60 Websites Devil’s Advocate Salvation Army Shark Watch 60

61 Financial advisors Provide financial services to individuals, businesses and governments including : investment advice pension planning insurances i.e. life, income protection, critical illness mortgage advice. 61

62 Short-term and long-term financial goals saving for a major purchase e.g. own home, holidays providing for children’s education e.g. school excursions saving for later in life e.g. old age meeting monthly bill payments e.g. energy bills reducing debt e.g. making credit card repayments. 62

63 Prioritising goals and strategies prioritising helps with focussing on the main issues timelines can change but the goal can remain e.g. illness goals and strategies should be reviewed. 63

64 Budgeting 64

65 Useful resource ASIC Money Management Kit available at: Search: money management kit 65

66 Spending leaks Did anyone find that they only spent what they anticipated they would spend for the week? Did anyone find that they spent money on extra things they hadn’t expected? Did anyone buy a cup of coffee? 66

67 Buy one coffee five $3.50 Weekly total: $17.50 Yearly total: $ A spending leak – regular small purchases that add up to significant amounts of money over a longer period of time. 67

68 Spending diary Tool to help: track spending see where costs are occurring analyse spending see opportunities for reducing costs make decisions about future spending and saving create a budget. 68

69 Budget planning tool ASIC Money Smart Excel budget planner at: https://www.moneysmart.gov.au/tools-and-resources/calculators-and-tools/budget-planner 69

70 Centrelink Financial Information Service helps people make informed decisions about investment and financial issues for their current and future needs. it can: – increase your confidence in dealing with your investment-related financial issues – help you understand your own financial affairs – inform you of your options – alert you to the levels of risk of each financial product type – explain the roles of financial industry professionals – help you be discerning when choosing experts and show you how to use expert information – explain the advantages of reducing personal debt – help you use credit in a sensible way – encourage you to increase your savings and plan for the future – help you plan effectively for your retirement – show you how you can maximise your overall retirement income. Website: 70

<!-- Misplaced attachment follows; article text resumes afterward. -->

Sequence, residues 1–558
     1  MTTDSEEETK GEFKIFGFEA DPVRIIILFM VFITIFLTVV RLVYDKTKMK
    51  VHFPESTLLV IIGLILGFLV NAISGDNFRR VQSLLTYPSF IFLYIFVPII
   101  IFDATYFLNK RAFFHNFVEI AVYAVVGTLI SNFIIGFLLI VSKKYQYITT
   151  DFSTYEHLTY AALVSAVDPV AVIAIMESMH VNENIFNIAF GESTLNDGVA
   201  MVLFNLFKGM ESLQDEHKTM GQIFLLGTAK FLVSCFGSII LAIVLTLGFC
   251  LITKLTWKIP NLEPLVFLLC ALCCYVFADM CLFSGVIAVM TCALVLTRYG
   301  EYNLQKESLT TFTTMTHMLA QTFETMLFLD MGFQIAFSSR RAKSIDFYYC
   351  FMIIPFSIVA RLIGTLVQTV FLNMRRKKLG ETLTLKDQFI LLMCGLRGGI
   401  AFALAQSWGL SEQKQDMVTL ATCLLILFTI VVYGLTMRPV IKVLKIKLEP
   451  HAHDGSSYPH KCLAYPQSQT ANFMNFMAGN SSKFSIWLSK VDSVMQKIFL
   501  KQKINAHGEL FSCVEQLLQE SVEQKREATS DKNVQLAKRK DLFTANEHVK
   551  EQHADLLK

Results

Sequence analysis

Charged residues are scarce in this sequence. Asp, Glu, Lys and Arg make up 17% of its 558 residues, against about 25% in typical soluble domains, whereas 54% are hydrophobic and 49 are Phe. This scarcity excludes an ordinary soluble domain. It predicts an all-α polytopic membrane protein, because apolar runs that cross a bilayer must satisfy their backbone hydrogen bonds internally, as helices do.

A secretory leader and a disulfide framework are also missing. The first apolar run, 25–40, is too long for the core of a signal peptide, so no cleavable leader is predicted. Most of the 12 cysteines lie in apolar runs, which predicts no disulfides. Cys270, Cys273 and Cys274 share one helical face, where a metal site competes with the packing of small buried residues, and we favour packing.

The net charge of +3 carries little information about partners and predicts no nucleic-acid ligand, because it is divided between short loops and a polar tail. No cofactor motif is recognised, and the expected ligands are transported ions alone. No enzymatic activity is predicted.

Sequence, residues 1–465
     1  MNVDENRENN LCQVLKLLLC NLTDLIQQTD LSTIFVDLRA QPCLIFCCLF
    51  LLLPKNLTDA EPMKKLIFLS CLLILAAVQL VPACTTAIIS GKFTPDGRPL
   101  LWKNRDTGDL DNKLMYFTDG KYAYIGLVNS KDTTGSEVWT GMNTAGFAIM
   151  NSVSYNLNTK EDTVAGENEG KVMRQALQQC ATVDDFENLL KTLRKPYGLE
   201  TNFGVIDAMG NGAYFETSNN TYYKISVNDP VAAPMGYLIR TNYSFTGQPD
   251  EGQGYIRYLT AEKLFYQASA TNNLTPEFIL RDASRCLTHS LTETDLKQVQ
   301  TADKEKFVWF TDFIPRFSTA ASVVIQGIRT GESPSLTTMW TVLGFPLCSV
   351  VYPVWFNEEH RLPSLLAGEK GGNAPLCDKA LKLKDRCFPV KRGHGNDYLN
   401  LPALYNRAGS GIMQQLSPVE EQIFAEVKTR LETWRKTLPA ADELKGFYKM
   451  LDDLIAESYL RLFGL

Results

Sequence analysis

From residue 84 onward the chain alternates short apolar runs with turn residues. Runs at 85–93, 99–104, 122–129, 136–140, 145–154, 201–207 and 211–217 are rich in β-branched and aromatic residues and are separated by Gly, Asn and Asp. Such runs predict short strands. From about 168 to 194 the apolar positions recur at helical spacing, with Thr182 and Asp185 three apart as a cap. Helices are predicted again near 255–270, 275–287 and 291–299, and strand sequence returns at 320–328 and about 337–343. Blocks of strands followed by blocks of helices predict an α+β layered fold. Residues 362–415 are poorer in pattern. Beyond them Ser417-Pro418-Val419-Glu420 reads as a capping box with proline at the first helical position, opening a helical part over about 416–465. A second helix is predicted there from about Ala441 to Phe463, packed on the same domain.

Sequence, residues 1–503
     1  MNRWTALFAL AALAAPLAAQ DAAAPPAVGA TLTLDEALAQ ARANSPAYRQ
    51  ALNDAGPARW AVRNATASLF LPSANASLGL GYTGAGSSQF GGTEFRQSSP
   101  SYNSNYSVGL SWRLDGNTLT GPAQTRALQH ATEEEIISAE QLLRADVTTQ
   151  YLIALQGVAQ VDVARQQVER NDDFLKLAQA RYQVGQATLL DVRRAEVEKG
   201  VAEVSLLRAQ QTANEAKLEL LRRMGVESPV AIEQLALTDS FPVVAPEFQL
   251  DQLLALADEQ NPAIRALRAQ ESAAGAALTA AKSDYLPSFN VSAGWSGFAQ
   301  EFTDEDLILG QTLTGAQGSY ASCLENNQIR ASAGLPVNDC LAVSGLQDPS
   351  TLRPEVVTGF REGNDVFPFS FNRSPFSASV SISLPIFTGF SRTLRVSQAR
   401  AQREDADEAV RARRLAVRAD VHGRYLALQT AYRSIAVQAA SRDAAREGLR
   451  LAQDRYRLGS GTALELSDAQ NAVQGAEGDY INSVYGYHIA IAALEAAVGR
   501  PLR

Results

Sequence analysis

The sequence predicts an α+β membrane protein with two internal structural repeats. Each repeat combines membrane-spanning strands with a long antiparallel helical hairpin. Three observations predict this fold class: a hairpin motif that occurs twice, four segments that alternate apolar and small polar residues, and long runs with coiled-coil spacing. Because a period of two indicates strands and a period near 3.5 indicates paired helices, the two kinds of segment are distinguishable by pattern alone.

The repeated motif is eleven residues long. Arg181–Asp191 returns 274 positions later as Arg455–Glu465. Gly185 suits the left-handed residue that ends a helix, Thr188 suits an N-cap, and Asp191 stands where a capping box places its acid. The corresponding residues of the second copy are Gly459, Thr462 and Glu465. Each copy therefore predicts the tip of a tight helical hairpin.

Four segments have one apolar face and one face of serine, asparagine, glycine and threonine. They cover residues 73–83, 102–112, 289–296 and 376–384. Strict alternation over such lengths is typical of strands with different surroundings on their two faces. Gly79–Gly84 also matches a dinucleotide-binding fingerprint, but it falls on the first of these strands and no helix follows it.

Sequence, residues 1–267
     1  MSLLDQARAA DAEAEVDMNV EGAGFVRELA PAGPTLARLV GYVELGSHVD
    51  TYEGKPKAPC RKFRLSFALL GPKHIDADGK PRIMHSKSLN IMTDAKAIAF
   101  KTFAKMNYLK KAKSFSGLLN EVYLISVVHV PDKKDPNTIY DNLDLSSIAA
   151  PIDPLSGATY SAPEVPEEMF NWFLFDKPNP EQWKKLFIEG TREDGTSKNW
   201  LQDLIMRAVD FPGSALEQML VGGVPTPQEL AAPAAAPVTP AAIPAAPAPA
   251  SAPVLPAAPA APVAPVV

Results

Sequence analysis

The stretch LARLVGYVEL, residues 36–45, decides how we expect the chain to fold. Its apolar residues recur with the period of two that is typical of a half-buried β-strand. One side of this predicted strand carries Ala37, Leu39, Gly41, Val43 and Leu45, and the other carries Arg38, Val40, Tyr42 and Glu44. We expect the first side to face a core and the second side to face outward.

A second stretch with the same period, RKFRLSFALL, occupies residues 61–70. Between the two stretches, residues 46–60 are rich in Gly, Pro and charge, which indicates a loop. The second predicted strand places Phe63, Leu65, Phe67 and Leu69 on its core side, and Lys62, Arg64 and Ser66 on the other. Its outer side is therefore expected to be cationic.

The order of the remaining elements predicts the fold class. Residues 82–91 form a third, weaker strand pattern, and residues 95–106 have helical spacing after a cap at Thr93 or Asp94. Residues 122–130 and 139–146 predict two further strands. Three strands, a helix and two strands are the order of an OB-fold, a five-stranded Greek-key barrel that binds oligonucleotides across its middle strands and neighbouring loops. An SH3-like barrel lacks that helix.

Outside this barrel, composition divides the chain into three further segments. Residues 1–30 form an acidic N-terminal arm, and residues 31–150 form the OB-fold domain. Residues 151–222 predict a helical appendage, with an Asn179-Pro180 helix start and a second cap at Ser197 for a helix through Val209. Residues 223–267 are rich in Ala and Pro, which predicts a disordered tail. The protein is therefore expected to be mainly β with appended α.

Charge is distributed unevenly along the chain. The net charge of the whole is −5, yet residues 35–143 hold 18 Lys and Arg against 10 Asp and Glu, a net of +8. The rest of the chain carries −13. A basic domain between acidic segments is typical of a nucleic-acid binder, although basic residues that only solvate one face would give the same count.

71 Child Support Agency Assists separated parents with information, payments and support such as: – Child Support Agreement – Child Support Assessment – Child Support Online Services (CSA online) – Child Support Payment – Child Support Referral Services – Child Support for Parents of Children Living Outside Australia Website: -support/child-support-assessment. 71

72 Centrepay Free service that allows customers to pay bills via regular deductions from their Centrelink payments Many organisations offer Centrepay as a bill-payment option for costs, including: – private rent (including community housing) – telecommunications – electricity, gas, and water – education fees and expenses – ambulance – child care – home care services – rental of household goods – medical services and equipment Website: 72